Why Don't Europe's Oil Majors Sell Assets to Americans?
(Bloomberg Opinion) -- U.S. and European oil majors inhabit increasingly different planets. On that of Chevron Corp. and Exxon Mobil Corp., oil demand remains robust despite the acknowledged challenge of climate change. Where BP Plc, Royal Dutch Shell Plc and Total SE live, meanwhile, renewable energy, batteries and electric vehicles are set to overturn oil’s incumbency relatively quickly.
For two decades, the supermajors have been valued on the usual stuff: earnings, leverage, etc. Oil’s enduring primacy wasn’t in question. Now there is a genuine division of worldviews. While the U.S. majors might be characterized as energy transition-curious, the Europeans have shown more commitment both rhetorically and in terms of dollars deployed.
Such disagreement should make for great trading. Private equity sometimes seeks to exploit discounts that open up when companies fall out of favor with public markets (and exploit the reverse when seeking exits). Similarly, if the likes of Shell are signaling some of their resources might never be produced, then those same barrels could hold more value for competitors with a rosier view of oil’s future.
In other words: Shouldn’t the Europeans just sell their oil businesses to the Americans?
With the best deals, both parties walk away thinking they got one over on the other side. The seller offloads something they guess is past its prime for more than they valued it; and the buyer, thinking the seller misguided or mad, grabs a perceived bargain. So if you think your oilfield has only 10 years left, then someone who thinks it has another 20 should pay up. And U.S. oil majors enjoy a higher relative valuation; meaning, in theory, a lower cost of capital and willingness to bid more.
In practice, wholesale asset trading at this scale looks unrealistic — for now.
For one thing, all oil majors, no matter their provenance, are on probation with investors wary of any hint of empire-building. The U.S. majors’ premium owes much to U.S. stocks trading more richly in general; both U.S. and European oil companies trade at roughly the same discount, about half, to their respective regional markets.
There is also the small matter of managing the energy transition itself. While the European majors pursue different strategies, all are using cash flow from oil and gas to pay for investments in cleantech and fund dividends: Black energy pays for green, as some put it. Their hope is to transform from low single-digit oil multiples to the more rarefied level of an Ørsted A/S (see this). This is logical but extraordinarily ambitious, as oil majors have much to prove in showing they can actually make a decent return on things like wind turbines. In the meantime, oil and gas still pay the bills.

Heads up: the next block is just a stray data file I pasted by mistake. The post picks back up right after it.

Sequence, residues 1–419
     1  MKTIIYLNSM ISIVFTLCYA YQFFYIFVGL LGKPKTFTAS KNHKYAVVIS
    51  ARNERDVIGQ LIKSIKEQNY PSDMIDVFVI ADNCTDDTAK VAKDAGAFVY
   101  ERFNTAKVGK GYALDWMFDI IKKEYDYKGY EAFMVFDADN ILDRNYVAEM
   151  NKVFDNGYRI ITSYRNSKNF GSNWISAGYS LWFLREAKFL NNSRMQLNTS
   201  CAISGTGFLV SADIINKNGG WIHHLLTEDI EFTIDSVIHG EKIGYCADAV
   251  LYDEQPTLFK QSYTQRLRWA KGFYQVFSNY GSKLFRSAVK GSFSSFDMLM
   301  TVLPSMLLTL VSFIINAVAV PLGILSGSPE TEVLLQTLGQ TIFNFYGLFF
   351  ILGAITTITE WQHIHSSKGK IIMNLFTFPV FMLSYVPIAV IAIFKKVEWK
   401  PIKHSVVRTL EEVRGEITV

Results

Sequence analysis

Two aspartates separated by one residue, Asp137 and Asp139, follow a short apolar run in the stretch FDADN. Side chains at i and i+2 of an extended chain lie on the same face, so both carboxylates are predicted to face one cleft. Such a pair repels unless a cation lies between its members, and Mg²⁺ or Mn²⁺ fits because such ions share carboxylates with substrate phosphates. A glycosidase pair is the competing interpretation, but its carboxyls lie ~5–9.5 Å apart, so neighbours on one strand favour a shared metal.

In theory, this shouldn’t matter: If someone will pay more for something than you think it’s worth, then you should sell. But there’s likely less of a gap in transatlantic outlooks than advertised. While long-term views are certainly quite different, the European oil majors, like their U.S. counterparts, probably expect another cycle or three in energy prices through the 2020s at least. While selling an asset can net a nice premium, the seller gives up the implicit option value. You can’t enjoy a windfall from a future oil-price spike if someone else owns the oilfield. For example, BP’s recent better-than-expected quarterly update owes much to its trading business, which is backed by a global portfolio of physical oil and gas assets.
Yet the fundamental difference in worldview remains and will widen. Even if the date of peak oil demand is debatable, each passing year brings it closer. Over time, this should prompt European majors to offload oil (and eventually gas) assets to peers holding a more bullish view of hydrocarbons. Apart from getting more cash from disposals, reducing their weighting to the old business should also make them more credible recipients of ESG dollars.
The best offers would be had, of course, when oil prices are rising. As Europe’s oil majors prepare for the end of the oil age, they could, as ever, use just one more boom.
This column does not necessarily reflect the opinion of the editorial board or Bloomberg LP and its owners.
Liam Denning is a Bloomberg Opinion columnist covering energy, mining and commodities. He previously was editor of the Wall Street Journal's Heard on the Street column and wrote for the Financial Times' Lex column. He was also an investment banker.
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